What kind of leadership can get us to the most effective and desired results in business? Most organizations think about development from a skill perspective, focusing on competencies and tools. However, the landscape of effective leadership in today’s world is evolving and requires a fresh perspective and effective problem-solving. In this episode of Qonversations, Jessica Bronzert, founder, and CEO of Sparks Group, guides us through a unique, relatively new approach called vertical development, which challenges the conventional view of leadership growth and offers new insights for achieving transformative outcomes.
Horizontal vs Vertical Development
The traditional (horizontal) view on leadership development has centered primarily on increasing more skills and building technical competencies. In contrast, vertical development suggests that our journey toward successful leadership starts from how we think, from the ability to widen our perspective and expand our worldview, to increasing our ability to navigate complexity. So vertical growth is all about self-development and becoming more mature. Horizontal development builds skillsets, while maturing vertically helps build an interconnected leadership culture in one’s organization.
Vertical development in business emerged from a psychological framework that explores how adults mature throughout their lives. Traditionally, psychologists used to believe that our psychological development stopped with our physical development in early adulthood, essentially by the time we were 18 or 21. The new vertical approach questioned this traditional idea of growth and focused on self-development, introducing the stages of adult intellectual development. These stages are quite applicable to leadership skills and go beyond technical competencies; they focus on a person's worldview, beliefs, and meaning-making system.
“A person's stage or stages of vertical development are highly correlated with one's leadership effectiveness and ability to get organizational outcomes.”
Vertical Development Stages
There are several stages of vertical development, and they each offer unique insights into the leader's mindset and behavior:
- Self-Oriented (Opportunist): This stage is characterized by a perspective where one is primarily focused on personal desires and needs.
- Group-Centric (Diplomat): At this stage, individuals become highly influenced by group identity and absorb the beliefs of larger social groups.
- Expert (Skill-Centric): The majority of adults operate from this stage. They see themselves as their expertise and believe they know best.
- Achiever (Self-Driven): This stage involves a shift toward teamwork and goal-driven behavior.
- Self-Questioning (Individualist): This stage is marked by increased self-awareness, the ability to balance being and doing, and openness to outside perspectives.
- Transformational (Self-Transforming): This stage is correlated with the ability to achieve and sustain change. Transformational leadership is characterized by taking multiple perspectives, holding opposing ideas, and architecting bigger outcomes.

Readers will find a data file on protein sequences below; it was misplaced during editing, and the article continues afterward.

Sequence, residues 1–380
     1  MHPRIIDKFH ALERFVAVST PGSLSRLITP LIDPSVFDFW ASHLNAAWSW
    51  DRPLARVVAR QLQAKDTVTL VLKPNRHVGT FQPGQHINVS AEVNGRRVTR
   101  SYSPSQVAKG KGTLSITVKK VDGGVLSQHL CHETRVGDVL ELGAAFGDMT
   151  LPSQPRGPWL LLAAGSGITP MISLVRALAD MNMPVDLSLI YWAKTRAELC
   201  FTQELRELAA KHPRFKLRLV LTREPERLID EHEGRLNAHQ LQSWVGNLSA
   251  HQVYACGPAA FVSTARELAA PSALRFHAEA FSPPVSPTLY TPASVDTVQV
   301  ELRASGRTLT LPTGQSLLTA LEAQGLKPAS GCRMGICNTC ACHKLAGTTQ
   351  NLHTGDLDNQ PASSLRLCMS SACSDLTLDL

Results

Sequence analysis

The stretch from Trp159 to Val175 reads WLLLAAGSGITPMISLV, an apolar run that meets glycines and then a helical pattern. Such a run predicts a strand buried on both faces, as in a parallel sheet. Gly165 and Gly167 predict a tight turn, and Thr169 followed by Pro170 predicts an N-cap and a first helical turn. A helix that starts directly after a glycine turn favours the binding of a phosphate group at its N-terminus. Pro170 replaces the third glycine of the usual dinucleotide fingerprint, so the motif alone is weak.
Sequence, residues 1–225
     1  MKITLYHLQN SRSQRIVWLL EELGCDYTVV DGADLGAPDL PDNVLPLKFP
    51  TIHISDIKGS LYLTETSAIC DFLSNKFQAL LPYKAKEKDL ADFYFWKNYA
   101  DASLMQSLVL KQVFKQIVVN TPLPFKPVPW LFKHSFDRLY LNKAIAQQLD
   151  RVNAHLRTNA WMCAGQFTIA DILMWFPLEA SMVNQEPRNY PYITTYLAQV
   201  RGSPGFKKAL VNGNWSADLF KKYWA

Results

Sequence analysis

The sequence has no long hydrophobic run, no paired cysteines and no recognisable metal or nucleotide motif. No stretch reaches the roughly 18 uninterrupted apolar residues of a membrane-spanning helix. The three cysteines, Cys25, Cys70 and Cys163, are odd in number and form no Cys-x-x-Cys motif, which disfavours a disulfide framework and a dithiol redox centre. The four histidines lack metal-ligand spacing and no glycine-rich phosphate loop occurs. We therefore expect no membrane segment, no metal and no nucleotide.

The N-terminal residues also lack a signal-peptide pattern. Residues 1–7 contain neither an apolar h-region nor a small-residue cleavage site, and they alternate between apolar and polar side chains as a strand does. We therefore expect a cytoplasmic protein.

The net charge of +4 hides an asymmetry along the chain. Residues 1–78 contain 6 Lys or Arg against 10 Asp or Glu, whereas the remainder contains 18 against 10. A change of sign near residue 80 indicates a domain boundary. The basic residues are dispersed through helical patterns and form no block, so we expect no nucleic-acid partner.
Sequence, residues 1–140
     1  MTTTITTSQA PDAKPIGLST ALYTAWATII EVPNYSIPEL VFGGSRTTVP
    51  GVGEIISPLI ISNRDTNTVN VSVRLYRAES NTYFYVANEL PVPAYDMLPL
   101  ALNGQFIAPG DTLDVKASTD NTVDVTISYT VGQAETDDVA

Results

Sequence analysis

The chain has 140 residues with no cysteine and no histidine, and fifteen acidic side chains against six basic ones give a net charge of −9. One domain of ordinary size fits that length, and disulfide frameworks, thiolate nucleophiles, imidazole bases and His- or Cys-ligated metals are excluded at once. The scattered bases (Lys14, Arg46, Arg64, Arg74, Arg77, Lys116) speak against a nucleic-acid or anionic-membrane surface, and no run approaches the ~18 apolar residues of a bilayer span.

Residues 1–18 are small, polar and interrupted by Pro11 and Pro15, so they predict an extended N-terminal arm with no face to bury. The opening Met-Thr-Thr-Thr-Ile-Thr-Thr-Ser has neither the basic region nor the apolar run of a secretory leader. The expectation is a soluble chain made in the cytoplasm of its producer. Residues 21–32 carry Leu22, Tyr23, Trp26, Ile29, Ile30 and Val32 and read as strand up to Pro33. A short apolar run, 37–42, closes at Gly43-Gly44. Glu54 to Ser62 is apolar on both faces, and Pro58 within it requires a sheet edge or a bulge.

- Late Stages: Few individuals reach these late stages, where thinking becomes more spiritual, and the ability to work for generational change and global transformation emerges. This is where we see people potentially like Martin Luther King, Mother Teresa, Nelson Mandela, people who had a vision for generational change, or change that extends past their own lifetimes.
“Vertical development is all about your ability to see and navigate complexity, hold multiple perspectives, self-reflect on your own thinking, and hold competing or opposing ideas simultaneously.”
Why Vertical Development Matters
The business environment requires adaptable leaders and a proper business strategy. Making it even more essential than before, disruptors such as artificial intelligence or pandemics underline the importance of vertical growth. Expanding your mindset — adapting and changing the way you think and behave — is essential to adapt to this challenging modern business environment. Leaders must expand their capacities to navigate complexity, embrace diverse viewpoints, and integrate opposing ideas effectively.
No Cure for Being Human
Understanding your stage of vertical development, as Jessica emphasizes, is the initial step toward growth. This awareness offers guidance for both personal and leadership development. Leaders can encourage their teams to embark on their own upward growth journeys.
There is real value every time we self-reflect, but there can be a real danger because we can tend to see ourselves as different rather than recognizing that all these things we're experiencing are part of the human condition, part of the journey of growth and development and maturity. And we can choose to stay there, or we can choose to continue to move forward.
When we are learning skills or knowledge, we are developing horizontally, while vertical approach develops mindsets, habits, and emotions. Horizontal development focuses on expertise and technical competencies, while vertical growth empowers you to put that knowledge into practice. Both are needed to get the desired results. Both are interconnected, and the vertical progress is a good outcome of proper horizontal development.
We can observe vertical development as a real and impactful approach, a lens that challenges traditional views of leadership growth. This approach may be essential to help us form the right business strategy and provide us with insights on how leaders can transform and tackle modern complexities, create new opportunities to maximize their impact and drive transformative change in their organizations.
Have you explored other insightful episodes of Quantuvos? Here are some of our recommendations:
- Episode 051: "Fixing Work"
- Episode 046: "Unlocking Potential and Inspiring Greatness"
- Episode 045: "Controlling Your Success at Work"